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Merrattic
January 3rd, 2013, 01:33 PM
There is hopefully a simple answer to this syntax problem.

I have found an image changing function in several places:

<script language="javascript">

function changeImage()
{

if (document.getElementById("imgClickAndChange").src == "snacks.png")
{
document.getElementById("imgClickAndChange").src="snack1.png";
}
else
{
document.getElementById("imgClickAndChange").src="snacks.png";
}
}
</script>

<img id="imgClickAndChange" onclick="changeImage()" src="snacks.png" height="500" width="400"/>


It doesn't work, and the problem seem to be with the "==" syntax here:

if (document.getElementById("imgClickAndChange").src == "snacks.png")

I can work around it by using src.match(), but I don't understand why the "==" isn't working?

ofnuts
January 3rd, 2013, 05:05 PM
I can work around it by using src.match(), but I don't understand why the "==" isn't working?
Because the value of


document.getElementById("imgClickAndChange").src
is not "Snacks.png" but "http://path/to/your/server/Snacks.png" (or "file://path/to/your/local/Snacks.png")

Merrattic
January 3rd, 2013, 07:11 PM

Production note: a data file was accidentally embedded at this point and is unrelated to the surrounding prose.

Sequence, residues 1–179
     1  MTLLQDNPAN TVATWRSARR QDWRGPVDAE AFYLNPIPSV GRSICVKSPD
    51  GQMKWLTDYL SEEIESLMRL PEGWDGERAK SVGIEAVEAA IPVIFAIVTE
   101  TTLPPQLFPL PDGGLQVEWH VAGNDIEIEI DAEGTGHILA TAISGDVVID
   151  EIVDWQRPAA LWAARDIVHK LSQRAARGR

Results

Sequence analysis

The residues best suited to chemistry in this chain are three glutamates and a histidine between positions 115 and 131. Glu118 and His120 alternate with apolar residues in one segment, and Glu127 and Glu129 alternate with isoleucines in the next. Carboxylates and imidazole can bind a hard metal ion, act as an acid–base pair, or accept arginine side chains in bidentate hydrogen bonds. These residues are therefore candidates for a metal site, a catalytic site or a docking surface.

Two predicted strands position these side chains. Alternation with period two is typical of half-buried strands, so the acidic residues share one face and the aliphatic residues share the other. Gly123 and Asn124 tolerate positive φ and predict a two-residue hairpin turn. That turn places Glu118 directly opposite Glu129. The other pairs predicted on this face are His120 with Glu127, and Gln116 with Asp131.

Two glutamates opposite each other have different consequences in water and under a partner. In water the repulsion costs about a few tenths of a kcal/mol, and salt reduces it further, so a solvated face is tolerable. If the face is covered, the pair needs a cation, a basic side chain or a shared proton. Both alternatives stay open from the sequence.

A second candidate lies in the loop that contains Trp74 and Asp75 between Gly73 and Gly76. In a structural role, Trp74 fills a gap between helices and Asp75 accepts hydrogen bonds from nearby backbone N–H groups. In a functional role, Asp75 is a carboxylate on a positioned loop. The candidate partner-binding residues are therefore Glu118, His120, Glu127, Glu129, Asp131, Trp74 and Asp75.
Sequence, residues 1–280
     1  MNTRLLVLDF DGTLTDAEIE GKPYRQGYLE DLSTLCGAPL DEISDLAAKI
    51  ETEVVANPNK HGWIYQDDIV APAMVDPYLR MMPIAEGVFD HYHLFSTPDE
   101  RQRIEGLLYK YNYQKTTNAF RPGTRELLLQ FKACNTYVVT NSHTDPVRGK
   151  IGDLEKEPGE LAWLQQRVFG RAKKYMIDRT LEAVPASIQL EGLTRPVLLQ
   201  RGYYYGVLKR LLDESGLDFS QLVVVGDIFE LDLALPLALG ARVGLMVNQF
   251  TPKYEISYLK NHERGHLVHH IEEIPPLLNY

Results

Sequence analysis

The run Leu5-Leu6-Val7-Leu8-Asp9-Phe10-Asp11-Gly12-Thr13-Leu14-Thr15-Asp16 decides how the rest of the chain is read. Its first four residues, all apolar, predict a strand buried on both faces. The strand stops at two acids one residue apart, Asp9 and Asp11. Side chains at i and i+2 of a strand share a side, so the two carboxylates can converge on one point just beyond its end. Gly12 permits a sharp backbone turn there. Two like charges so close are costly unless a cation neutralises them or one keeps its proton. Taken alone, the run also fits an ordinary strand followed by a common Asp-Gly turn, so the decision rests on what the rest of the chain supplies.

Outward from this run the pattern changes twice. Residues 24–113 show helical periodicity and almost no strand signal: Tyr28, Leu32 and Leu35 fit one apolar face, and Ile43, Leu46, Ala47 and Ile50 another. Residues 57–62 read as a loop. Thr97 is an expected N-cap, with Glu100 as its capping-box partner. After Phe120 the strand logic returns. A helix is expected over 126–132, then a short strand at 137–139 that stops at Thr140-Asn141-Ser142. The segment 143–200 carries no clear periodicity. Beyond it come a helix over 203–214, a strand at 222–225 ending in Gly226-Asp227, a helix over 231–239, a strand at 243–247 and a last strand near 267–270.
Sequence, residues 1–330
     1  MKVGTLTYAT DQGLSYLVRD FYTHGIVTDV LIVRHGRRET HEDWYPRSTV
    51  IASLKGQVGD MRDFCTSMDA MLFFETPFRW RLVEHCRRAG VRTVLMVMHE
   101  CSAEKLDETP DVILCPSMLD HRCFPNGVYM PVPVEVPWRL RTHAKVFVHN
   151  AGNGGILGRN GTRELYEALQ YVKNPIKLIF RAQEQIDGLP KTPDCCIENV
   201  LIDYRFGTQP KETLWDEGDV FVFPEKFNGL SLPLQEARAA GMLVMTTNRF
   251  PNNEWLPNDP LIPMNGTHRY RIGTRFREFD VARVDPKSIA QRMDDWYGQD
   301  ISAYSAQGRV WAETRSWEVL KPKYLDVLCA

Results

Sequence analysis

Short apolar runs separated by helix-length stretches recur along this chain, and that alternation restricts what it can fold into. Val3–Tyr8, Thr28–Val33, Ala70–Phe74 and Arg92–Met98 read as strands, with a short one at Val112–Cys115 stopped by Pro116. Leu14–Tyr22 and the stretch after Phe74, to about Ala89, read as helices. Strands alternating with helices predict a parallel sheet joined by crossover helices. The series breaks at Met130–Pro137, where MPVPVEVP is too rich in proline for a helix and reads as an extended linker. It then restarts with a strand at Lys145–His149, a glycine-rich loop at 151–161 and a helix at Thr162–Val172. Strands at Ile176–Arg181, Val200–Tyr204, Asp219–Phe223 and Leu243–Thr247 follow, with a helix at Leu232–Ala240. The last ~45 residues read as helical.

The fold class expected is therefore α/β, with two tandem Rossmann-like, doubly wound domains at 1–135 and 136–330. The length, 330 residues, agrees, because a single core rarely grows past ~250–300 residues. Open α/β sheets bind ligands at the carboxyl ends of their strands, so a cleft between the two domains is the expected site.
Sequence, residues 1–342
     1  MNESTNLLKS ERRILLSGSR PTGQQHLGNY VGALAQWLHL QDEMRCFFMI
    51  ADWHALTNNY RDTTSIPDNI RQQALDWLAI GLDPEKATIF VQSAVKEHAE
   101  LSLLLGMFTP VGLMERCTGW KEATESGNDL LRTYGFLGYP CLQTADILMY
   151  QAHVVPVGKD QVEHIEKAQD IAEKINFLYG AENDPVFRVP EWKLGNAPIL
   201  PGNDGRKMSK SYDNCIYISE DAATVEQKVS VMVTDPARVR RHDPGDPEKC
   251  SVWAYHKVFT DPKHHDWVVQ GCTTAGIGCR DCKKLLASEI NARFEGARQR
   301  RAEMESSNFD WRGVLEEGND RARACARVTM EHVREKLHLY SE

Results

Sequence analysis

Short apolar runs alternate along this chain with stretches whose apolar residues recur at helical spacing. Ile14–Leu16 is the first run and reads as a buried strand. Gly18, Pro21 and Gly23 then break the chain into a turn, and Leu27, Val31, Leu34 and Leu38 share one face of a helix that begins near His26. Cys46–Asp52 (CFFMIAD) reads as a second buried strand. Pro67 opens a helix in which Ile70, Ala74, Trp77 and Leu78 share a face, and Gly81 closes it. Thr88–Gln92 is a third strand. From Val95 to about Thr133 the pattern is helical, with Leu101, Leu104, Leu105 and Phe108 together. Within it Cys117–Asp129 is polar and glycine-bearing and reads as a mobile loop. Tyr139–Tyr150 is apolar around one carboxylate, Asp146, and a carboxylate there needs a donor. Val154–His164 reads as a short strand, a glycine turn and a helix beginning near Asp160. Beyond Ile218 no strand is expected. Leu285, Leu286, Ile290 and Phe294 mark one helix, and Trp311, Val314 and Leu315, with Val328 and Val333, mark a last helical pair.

Thanks for the response. The original tutorial didn't show an absolute reference, and as I say if I use match, the alternative conditions work OK with relative references. I'll give it a go and see what happens.

[EDIT] Just tried that out and it works! :) Many thanks

ofnuts
January 4th, 2013, 12:18 AM
Thanks for the response. The original tutorial didn't show an absolute reference, and as I say if I use match, the alternative conditions work OK with relative references. I'll give it a go and see what happens.

[EDIT] Just tried that out and it works! :) Many thanks
I'm not a JS/DOM expert, but looking at posts on the web, most code seems to expect a relative URL (the one set) to be returned. This retrieved value which is not the one set is disturbing (but Firefox and Chrome behave the same). Different HTML versions adhered to? My test HTML, like yours, was fairly minimal so it didn't define a specific version.